Allow your mind to wander and try to picture yourself in pleasant,
                             enjoyable situations.

                       1.  Try to build up your confidence. Try not to avoid circumstances where you
                           feel more anxious. A step by step approach is best to help you face things
  Dealing
                           and places which make you feel tense. Regular practice will help you
    with                   overcome your anxiety.
  Difficult           2.   Make a written plan and decide how you are going to deal with difficult
Situations                 situations.
                      3.   Reward yourself for your successes.          Tell others.     We all need
                           encouragement.
                      4.   Your symptoms may return as you face up to difficult situations. Keep
                           trying and they should become less troublesome as your confidence grows.
                      5.    Everyone has good days and bad days. Expect to have more good days as
                            time goes on.
                      6.    Try to put together a programme based on all elements in ‘The Good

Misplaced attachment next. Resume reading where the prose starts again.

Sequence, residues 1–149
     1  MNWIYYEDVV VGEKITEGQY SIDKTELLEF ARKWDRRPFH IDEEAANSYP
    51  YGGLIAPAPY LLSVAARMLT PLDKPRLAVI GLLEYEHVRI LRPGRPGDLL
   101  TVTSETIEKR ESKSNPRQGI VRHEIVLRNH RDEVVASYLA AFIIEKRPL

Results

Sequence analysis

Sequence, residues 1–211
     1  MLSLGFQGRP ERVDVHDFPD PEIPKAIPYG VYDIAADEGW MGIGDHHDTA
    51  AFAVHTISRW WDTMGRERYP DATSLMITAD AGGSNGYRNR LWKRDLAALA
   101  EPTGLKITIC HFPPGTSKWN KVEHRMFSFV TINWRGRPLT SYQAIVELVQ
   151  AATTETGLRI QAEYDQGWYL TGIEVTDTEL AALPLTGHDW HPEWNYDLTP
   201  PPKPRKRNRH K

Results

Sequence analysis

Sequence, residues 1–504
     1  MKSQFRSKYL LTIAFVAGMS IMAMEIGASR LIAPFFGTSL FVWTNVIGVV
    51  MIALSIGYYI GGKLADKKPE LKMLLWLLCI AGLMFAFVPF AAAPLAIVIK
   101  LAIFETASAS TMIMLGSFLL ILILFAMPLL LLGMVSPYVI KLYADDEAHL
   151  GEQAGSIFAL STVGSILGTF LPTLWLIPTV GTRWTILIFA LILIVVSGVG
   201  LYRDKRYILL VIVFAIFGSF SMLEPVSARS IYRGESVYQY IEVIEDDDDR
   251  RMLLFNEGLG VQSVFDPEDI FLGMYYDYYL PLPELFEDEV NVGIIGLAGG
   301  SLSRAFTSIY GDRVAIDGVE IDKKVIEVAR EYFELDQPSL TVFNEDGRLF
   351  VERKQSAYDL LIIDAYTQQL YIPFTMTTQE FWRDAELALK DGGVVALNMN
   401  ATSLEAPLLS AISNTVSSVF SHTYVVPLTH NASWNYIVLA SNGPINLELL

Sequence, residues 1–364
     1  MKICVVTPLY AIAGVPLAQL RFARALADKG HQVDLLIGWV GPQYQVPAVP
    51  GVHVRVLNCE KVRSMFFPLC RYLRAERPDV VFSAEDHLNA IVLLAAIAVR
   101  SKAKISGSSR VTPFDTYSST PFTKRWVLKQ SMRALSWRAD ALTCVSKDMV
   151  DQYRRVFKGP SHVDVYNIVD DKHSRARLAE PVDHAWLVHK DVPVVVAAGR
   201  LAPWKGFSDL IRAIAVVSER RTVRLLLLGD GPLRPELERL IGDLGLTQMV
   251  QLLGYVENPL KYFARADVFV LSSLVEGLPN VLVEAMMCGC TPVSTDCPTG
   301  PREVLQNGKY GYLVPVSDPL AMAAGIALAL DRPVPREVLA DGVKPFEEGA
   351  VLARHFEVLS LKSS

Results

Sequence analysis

Relaxation Guide’ that will meet the needs of your particular situation.
                            Remember that expert guidance and advice is available if you need further
                            help.
         This guide was prepared with help from Dr Colin Espie who is an international authority on sleep problems
                                                   and their treatment




           29
                              Patients’ Comments
Withdrawal Effects
“Whenever I tried to cut out or reduce the dosage completely, I became extremely
anxious, had hot sweats, was very irritable and couldn’t sleep or relax. I then went
back on medication.”


Effects following a gradual withdrawal schedule
“I do not feel as drugged up and am much more alert in the mornings.”